Then came the big boar.

By the final night of the hunt, we were both tired. It had been an awesome multi-species week taking ducks, deer, and hogs–plus a few others–but I wanted one more nighttime hunt. Just a quick check of the fields, I told Tyler, and if we didn’t see anything worth going after right away, we’d call it a night.

First, we spotted another average boar–and shot him, of course. Then, as we slowly rolled by a dusty, dark field, a bulky shadow became visible in the distance. It was difficult to tell just how big the hog was but regardless of size, we wanted to go after him. So we did.

The stalk didn’t get far before the boar saw us which presented a problem because the mesquite-ridden tree line was close by.

“Shoot him!” Tyler hissed. “He’s going to get away!”

Because the boar was headed for the trees his muddy behind was my biggest target but a Texas heart shot wasn’t on my To-Do list, so I waited. The tips of his ears bobbed into the air as he moved, and then he made what would become his fatal mistake. He turned his head to look back at us. Without stopping to think about it, I raised the R1 Tomasie in my strong hand, put the red fiber-optic behind his ear, and fired.

He dropped like a stone.

A single shot to the head felled a 250-pound boar that was running away from me at approximately 25 yards. A frangible .40 S&W bullet. It wouldn’t be the last, either. At this point, the R1 Tomasie Custom has brought down dozens of hogs of all sizes. Most shots made on the hogs have been to the heart or lungs and one shot is all it takes. Yes, .40 S&W can drop a hog, even the big boys.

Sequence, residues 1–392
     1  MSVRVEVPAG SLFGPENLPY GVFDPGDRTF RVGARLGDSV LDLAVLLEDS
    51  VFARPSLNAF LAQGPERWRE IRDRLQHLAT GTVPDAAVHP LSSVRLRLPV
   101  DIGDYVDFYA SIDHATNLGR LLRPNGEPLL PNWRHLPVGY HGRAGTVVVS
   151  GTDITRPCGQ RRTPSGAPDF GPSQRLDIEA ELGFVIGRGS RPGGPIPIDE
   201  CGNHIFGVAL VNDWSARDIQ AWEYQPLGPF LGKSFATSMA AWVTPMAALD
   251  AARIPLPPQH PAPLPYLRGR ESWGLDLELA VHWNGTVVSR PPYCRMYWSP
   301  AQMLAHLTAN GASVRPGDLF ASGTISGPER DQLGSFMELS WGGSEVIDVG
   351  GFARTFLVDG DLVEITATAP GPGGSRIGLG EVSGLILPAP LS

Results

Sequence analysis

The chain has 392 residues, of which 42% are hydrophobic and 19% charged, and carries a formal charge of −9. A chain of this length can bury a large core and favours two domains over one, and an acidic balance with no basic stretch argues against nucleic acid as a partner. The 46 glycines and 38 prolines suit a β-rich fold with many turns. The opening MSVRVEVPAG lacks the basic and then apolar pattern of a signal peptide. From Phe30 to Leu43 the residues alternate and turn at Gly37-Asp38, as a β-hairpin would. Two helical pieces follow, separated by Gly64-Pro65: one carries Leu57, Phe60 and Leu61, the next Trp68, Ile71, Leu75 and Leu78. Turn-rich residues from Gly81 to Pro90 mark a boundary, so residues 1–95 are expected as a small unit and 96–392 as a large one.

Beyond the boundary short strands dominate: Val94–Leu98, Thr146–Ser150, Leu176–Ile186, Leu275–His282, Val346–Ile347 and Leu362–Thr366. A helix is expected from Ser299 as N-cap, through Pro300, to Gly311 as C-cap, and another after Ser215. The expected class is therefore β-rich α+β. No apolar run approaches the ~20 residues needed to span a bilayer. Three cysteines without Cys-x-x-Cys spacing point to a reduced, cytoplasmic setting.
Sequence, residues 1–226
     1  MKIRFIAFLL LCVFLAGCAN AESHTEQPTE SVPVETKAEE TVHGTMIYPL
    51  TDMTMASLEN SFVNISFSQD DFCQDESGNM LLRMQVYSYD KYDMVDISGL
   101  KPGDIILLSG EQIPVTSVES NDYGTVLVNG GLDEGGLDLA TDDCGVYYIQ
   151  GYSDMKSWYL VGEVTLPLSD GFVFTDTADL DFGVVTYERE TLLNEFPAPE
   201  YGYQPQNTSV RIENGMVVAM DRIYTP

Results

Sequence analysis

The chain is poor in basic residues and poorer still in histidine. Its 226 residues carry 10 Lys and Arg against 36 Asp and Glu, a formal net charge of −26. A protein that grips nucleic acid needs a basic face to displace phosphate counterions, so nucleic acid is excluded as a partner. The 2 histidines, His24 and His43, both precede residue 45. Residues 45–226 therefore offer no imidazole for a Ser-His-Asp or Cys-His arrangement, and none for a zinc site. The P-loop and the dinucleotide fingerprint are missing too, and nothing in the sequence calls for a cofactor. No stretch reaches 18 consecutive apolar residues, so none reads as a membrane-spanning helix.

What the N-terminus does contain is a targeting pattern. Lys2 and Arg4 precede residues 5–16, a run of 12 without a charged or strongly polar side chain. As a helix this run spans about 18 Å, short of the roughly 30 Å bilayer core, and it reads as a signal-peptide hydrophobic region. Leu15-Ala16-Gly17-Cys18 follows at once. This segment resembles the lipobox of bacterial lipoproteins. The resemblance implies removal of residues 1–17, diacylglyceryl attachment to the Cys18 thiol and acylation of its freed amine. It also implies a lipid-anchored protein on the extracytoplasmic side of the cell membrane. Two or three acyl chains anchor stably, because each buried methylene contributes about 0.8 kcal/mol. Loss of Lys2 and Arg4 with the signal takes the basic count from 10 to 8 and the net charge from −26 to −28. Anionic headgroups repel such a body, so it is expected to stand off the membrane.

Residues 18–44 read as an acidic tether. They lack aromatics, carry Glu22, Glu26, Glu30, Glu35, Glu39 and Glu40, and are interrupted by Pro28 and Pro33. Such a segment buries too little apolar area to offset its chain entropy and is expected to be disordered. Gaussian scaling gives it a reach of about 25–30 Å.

Why

Hunting hogs with handguns is challenging. It adds a layer of interest and skill to a pastime normally undertaken with rifles; if you holster a handgun instead of slapping a magazine into your AR-15, you’re committing to heightened trigger and breath control, more precise placement, and closer ranges. Although I’ve shot hogs using bolt pistols from hundreds of yards away, the average handgun only has a barrel between four and six inches long. Being close isn’t just a fun test of your talent, it’s a necessity.

The Remington R1 Tomasie Custom Double-Stack in .40 S&W has proven itself as a fantastically accurate dual-purpose competition and hunting handgun.

One of the dozens of hogs taken using Inceptor .40 S&W 88 grain ARX frangible ammunition.

On the final night of the R1 Tomasie Custom’s first hog hunt the author dropped this 250-pound boar with a single shot to the head.

Take the time to practice with your handgun. Just as a single shot fired from your rifle isn’t sufficient preparation neither is one shot or one magazine run through your handgun. Shoot as you intend to hunt whether that means using shooting sticks or shooting offhand. When you practice, use the same ammunition you intend to hunt with just as you would with a rifle. To hone your marksmanship at varying distances as realistically as possible use targets like Birchwood Casey PreGame 16.5-inch x 24-inch Boar targets. The PreGame targets have contrasting-colored reactive zones depending on where your bullet strikes the paper and feature a full-color image of a feral hog with its vital zone outlined.

Birchwood Casey PreGame 16.5-inchx24-inch Boar targets give the shooter instant feedback on shot placement thanks to reactive color zones.

Hitting the woods and fields with handguns is fun. They’re easily portable, highly maneuverable, and lighter weight. With practice, you’ll find rapid target acquisition and precise shot placement will come naturally so long as you work within your abilities. Figuring out what you and your gun are capable of is part of the process as well. Don’t stick to shooting targets at only 10 or 25 yards; work through shot placement at multiple distances so you know where the bullet will impact.

You’ll be ready to hit the fields with your handgun in no time. And when you do, you’ll find there’s nothing quite like chasing a sounder of hogs with a handgun (just don’t forget the spare magazines).

***Shop GunsAmerica for your .40 S&W***

{ 11 comments… add one }
  • Chris October 16, 2019, 7:56 pm

    I have hog hunted in North Florida swamps all my and never used anything but a .22 pistol or rifle.
    Hogs rangeing from 75 to 600 pounds or I caught them and sold to the paid to trophy hunt clubs for $25.00 dollars